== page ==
Knowledge of the pathophysiology of COVID-19 is almost exclusively derived from studies that examined the immune response in blood. We here aimed to analyse the pulmonary immune response during severe COVID-19 and to compare this with blood responses.This was an observational study in patients with COVID-19 admitted to the intensive care unit (ICU). Mononuclear cells were purified from bronchoalveolar lavage fluid (BALF) and blood, and analysed by spectral flow cytometry; inflammatory mediators were measured in BALF and plasma.Paired blood and BALF samples were obtained from 17 patients, four of whom died in the ICU. Macrophages and T cells were the most abundant cells in BALF, with a high percentage of T cells expressing the ƴδ T cell receptor. In the lungs, both CD4 and CD8 T cells were predominantly effector memory cells (87·3% and 83·8%, respectively), and these cells expressed higher levels of the exhaustion marker programmad death-1 than in peripheral blood. Prolonged ICU stay (>14 days) was associated with a reduced proportion of activated T cells in peripheral blood and even more so in BALF. T cell activation in blood, but not in BALF, was higher in fatal COVID-19 cases. Increased levels of inflammatory mediators were more pronounced in BALF than in plasma.The bronchoalveolar immune response in COVID-19 has a unique local profile that strongly differs from the immune profile in peripheral blood. Fully elucidating COVID-19 pathophysiology will require investigation of the pulmonary immune response.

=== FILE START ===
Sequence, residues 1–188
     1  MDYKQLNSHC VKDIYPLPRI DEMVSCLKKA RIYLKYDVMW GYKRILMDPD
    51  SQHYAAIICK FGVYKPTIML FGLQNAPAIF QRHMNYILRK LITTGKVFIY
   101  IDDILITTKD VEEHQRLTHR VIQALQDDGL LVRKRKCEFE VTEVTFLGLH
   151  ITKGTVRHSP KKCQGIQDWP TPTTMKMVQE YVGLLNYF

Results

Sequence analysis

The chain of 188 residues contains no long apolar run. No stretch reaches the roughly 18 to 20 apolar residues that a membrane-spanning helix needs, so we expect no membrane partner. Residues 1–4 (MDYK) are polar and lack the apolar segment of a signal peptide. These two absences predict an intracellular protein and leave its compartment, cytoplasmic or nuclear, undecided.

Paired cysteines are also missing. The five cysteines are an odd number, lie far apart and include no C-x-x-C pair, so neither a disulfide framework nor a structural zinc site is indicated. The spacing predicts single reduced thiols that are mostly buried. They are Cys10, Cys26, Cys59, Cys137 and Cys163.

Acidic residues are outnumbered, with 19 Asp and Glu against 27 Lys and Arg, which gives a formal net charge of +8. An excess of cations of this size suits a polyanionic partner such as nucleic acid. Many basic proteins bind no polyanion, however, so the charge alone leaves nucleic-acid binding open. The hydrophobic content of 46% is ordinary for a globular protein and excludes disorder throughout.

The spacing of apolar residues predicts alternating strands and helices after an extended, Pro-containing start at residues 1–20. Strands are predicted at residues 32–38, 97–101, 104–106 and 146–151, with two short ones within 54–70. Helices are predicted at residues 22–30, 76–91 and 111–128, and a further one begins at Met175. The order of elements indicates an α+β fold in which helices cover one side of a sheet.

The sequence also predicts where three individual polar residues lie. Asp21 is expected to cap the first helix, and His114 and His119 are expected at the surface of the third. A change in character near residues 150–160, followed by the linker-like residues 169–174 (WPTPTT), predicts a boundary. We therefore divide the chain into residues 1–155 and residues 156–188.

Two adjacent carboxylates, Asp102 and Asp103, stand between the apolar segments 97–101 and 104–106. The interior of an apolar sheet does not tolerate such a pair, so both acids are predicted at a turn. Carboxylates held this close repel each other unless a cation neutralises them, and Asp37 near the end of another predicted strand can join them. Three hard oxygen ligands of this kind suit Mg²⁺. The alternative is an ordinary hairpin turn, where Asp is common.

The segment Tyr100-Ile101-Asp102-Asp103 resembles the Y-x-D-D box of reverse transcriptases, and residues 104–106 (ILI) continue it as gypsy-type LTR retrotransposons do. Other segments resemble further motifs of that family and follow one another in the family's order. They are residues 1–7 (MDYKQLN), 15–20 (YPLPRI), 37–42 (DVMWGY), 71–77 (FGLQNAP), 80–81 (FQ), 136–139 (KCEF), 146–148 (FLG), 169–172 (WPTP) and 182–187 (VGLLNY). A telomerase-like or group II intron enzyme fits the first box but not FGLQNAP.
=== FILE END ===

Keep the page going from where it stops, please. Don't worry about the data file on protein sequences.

Anno Saris, Tom Dy Reijnders, Esther J Nossent, Alex R Schuurman, Jan Verhoeff, Saskia van Asten, Hetty Bontkes, Siebe Blok, Janwillem Duitman, Harm-Jan Bogaard, Leo Heunks, Rene Lutter, Tom van der Poll, Juan J Garcia Vallejo, ArtDECO consortium and the Amsterdam UMC COVID study group